Knocked a few things off the list...

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The refactoring and testing of The Server Framework code has gone pretty well. It's not complete but at least we have some tests now and the code is broken down into slightly more cohesive lumps...

Once the tests were in place and working we had to integrate the changes with the various projects that use the library; each of these projects pull the library in slightly different directions so the integration took a while. Luckily each project has a black box test that we can run to make sure the server is still behaving as expected...

Now that we have a separate 'connection manager' object for client side socket connections I decided it was time to write a test harness for the OpenSSL server that we have. We usually use our C# server test framework to test our servers but with the SSL server there was no easy (and free) way to establish an SSL connection from C#. We originally used the Mentalis secure sockets library which provided secure versions of the C# TcpClient class amongst other things. Unfortunately the Mentalis code was unstable when being thrashed by multiple threads in our test harness and that meant that our server test was unreliable... The people at Mentalis have recently updated their security library but the new version looks considerably more complex and heavy weight so we were loathe to incorporate it into our test harness... Anyway, today I put together a test in C++ using the connection manager to establish and manage the outgoing connections. The test uses the same OpenSSL code that we use in the server under test and fires a thousand or so connections at the server and then pumps data through it and compares that the data it gets back is the same as the data that it sends; the idea being that we can flush out any subtle threading bugs. The new test works well, is reliable and gives us a little more confidence that the SSL server is robust.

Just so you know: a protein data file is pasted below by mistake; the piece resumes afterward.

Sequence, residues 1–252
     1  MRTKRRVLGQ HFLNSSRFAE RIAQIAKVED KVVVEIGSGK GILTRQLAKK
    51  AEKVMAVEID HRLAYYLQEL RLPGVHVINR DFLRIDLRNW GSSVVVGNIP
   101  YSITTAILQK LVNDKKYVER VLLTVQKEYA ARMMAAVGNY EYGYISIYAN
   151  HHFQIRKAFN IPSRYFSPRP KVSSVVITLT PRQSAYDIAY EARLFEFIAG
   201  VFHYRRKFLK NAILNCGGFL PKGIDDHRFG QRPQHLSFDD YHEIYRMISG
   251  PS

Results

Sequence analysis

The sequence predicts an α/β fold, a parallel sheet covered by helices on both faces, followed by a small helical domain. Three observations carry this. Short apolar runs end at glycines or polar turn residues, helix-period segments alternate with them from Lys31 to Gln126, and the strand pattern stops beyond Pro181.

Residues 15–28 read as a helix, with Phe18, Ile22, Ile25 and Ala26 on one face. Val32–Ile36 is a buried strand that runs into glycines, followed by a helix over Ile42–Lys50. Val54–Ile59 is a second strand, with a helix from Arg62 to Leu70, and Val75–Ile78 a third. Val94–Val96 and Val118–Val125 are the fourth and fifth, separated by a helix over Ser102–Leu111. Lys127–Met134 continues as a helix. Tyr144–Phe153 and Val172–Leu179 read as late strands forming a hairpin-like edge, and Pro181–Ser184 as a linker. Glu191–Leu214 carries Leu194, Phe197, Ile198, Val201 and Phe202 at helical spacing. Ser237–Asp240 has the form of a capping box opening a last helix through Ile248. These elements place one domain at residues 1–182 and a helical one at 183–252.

Once that was done I decided to test one of the flexibility points on the socket server by taking the Bluetooth Winsock example code I'd thrown together a while ago and using the server framework to create a bluetooth server. All that was required was for the socket server's CreateListeningSocket() function to be overridden to set up the bluetooth socket correctly and advertise the service and we were away... Now all I need to do is finish that OBEX parser I was working on...

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